Foldable phakic IOL shows positive outcomes

January 1, 2009

The angle-supported phakic IOL (AcrySof, Alcon Laboratories) is being evaluated for the treatment of moderate to high myopia in three phase II and III clinical trials in Europe and North America enrolling 360 patients. Data from a 3-year visit in 104 eyes show excellent stability, predictability, and vision outcomes with a low rate of adverse events.

Key Points

"The haptics are soft and flexible, conforming well to the shape of the angle as they rest gently in the iris recess while keeping the IOL vaulted so that it lies at a safe distance from the corneal endothelium and crystalline lens," Dr. Lane said.

The implant has a 6.0-mm optic and is being investigated in a dioptric power range from –6.0 to –16.5 D. Four overall lengths are available-12.5, 13.0, 13.5, and 14.0 mm-with the aim of providing a better custom fit based on an individual's anterior chamber anatomy.

The pooled data reported by Dr. Lane were from a European phase III study (190 patients), a Canadian phase III study (120 patients), and a United States phase II study (50 patients). Together, these multicenter trials have enrolled 360 subjects; data were available from the 3-year visit for 104 subjects.

Patients enrolled in the studies had to be aged more than 18 years, and in the United States and Canada, a maximum age limit was set at 49 years. Patients had to demonstrate stable moderate to high myopia with no more than 2 D of astigmatism, a mesopic pupil size no greater than 7 mm, and an anterior chamber depth of at least 3.2 mm. Patients with a personal or family history of glaucoma were excluded, and age-dependent endothelial cell density criteria were created for patient selection.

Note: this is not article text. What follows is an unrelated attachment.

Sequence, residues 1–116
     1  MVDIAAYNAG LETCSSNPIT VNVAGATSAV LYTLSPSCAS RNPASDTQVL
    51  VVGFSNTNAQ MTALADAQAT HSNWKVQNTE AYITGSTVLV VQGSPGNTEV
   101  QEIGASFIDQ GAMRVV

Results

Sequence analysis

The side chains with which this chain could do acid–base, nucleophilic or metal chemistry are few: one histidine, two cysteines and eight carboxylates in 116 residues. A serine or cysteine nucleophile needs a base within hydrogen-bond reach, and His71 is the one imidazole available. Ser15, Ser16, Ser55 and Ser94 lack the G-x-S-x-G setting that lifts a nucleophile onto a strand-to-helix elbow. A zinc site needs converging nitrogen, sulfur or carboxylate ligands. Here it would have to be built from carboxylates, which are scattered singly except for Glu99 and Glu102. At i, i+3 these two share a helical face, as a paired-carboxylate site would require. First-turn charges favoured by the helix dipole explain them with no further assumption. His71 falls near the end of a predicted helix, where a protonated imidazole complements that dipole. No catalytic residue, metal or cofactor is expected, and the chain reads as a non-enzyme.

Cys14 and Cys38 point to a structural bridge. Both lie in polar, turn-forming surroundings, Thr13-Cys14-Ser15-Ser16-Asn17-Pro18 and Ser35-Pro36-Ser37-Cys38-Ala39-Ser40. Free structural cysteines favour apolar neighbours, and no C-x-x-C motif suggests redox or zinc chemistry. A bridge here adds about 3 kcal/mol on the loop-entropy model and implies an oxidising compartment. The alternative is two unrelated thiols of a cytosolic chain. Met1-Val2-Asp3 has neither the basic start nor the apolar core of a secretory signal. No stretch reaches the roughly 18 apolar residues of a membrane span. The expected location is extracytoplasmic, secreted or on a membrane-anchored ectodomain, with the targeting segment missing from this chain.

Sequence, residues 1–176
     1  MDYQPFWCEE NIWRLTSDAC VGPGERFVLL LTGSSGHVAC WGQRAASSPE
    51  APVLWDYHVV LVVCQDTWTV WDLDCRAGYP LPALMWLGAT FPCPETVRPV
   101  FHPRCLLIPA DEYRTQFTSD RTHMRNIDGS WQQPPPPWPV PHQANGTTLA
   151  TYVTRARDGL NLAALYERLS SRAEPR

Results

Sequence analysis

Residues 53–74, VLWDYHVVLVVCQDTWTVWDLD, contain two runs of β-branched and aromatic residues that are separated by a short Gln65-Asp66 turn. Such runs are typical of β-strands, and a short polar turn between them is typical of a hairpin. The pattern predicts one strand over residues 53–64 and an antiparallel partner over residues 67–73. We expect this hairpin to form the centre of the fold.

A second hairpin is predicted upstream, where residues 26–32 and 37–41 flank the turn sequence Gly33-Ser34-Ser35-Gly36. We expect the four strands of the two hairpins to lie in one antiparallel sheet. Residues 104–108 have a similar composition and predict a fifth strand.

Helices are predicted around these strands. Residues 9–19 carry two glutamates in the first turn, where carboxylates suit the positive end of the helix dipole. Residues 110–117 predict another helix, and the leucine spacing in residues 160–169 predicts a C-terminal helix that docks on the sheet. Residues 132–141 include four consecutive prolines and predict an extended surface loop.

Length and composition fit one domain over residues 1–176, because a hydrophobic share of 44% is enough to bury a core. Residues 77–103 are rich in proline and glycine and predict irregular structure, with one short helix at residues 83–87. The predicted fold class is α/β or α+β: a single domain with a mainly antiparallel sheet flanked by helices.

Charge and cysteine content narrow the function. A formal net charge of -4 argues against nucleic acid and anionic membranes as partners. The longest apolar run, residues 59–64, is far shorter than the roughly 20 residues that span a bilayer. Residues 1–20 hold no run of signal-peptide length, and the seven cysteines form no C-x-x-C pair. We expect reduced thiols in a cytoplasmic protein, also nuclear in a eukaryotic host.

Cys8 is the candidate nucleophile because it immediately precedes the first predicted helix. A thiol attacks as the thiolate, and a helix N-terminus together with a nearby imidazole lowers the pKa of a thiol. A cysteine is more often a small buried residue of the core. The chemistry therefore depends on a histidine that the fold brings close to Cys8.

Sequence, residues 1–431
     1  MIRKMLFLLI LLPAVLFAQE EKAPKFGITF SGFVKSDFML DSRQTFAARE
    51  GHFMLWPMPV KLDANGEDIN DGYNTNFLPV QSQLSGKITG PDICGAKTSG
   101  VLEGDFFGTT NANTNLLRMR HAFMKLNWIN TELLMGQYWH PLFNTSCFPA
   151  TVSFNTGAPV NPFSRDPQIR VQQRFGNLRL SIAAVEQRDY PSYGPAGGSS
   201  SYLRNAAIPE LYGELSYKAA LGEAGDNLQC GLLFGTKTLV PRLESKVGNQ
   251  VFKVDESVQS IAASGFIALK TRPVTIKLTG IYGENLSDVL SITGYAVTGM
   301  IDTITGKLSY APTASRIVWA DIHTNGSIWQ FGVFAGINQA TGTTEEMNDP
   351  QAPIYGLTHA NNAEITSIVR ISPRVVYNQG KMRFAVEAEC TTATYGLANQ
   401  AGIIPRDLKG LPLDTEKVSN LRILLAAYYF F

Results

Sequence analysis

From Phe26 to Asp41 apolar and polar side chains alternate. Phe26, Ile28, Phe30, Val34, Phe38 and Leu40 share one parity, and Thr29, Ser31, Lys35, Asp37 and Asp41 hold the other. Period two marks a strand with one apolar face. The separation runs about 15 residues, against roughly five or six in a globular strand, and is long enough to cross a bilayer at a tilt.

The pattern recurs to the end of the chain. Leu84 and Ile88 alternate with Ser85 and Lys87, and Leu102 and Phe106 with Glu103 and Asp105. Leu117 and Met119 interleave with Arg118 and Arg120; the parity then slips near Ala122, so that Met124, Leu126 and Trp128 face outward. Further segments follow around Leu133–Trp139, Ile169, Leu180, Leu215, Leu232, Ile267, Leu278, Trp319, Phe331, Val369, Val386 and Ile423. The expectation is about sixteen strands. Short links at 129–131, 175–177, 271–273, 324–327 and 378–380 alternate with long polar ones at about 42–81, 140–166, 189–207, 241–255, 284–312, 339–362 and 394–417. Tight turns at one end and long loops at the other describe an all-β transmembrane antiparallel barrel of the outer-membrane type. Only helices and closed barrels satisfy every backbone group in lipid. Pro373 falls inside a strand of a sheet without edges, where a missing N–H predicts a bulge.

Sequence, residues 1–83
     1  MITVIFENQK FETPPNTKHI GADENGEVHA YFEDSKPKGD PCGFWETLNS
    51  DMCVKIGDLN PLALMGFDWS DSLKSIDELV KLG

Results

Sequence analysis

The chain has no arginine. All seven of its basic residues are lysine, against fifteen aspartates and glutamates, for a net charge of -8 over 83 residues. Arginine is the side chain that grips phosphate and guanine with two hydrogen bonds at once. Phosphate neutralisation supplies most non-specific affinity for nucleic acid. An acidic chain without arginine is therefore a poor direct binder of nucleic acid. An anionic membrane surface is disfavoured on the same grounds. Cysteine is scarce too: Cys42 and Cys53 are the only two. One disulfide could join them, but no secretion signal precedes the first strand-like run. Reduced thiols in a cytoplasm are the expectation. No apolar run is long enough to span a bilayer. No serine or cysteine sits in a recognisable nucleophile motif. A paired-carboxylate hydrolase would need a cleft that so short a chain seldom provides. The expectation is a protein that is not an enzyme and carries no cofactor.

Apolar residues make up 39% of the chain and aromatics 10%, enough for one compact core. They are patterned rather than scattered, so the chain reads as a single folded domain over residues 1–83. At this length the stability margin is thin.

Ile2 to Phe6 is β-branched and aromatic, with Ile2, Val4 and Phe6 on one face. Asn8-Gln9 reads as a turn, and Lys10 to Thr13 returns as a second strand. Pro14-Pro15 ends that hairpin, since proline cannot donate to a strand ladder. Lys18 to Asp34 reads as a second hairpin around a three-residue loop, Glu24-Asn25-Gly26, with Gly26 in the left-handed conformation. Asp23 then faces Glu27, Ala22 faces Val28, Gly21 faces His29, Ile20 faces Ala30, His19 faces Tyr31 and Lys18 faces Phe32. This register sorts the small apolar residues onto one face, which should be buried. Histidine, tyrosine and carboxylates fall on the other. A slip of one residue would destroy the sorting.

At the 3-year visit, 46% of eyes achieved distance uncorrected visual acuity (UCVA) of 20/20 or better, 73% saw 20/25 or better without correction, and 97% achieved 20/40 or better. Best-spectacle corrected visual acuity (BSCVA) was 20/20 or better in 81% of eyes, 20/25 or better in 98%, and 20/40 or better in 100%.

The refractive results showed excellent stability and predictability, Dr. Lane said. Manifest refraction spherical equivalent (MRSE) was –10.41 D preoperatively, –0.25 D at 1 month, and –0.24 D at 3 years. The achieved MRSE was within 1.0 D of target in 91% of eyes and ±0.5 D in 79% of eyes, he reported.

"Ninety-five percent of patients said they would have the same lens implanted again," Dr. Lane added.

No eyes lost more than 2 lines from their preoperative BSCVA and only 1% had a 2-line loss. Almost 60% of eyes benefited with a 1-line or greater increase in BSCVA.

Endothelial safety is being evaluated with images being read by a central reading center and includes analyses for changes in central and peripheral (superior nasal) endothelial cell density from 6 months forward and in cell morphology. From 6 months to 3 years, central endothelial cell density decreased by an average of only –0.41% and change in the peripheral cell count was –1.11%. Data for coefficient of variation and percent of hexagonality also showed minimal change, according to Dr. Lane.

No significant surgery-related complications were found, including no cases of endophthalmitis, hyphema, hypopyon, lens dislocation, cystoid macular edema, pupillary block, or retinal detachment. Elevated IOP at more than 1 month after surgery that required treatment was the most frequent adverse event, occurring in 10 eyes (2.8%).

"Eight of the 10 cases of elevated IOP were due to steroid response, and in no case was the IOP elevation persistent," Dr. Lane said.

Six eyes (1.7%) developed synechia. No cases of pupil ovalization occurred. Cataract developed in seven (1.9%) eyes. In three cases, the opacity was thought to be related to lens touch during implantation surgery, whereas in the other eyes, the etiology was unknown, considered age-related, or associated with concurrent ophthalmic disease.

A secondary re-intervention or other surgical treatment was performed in a total of 13 eyes.

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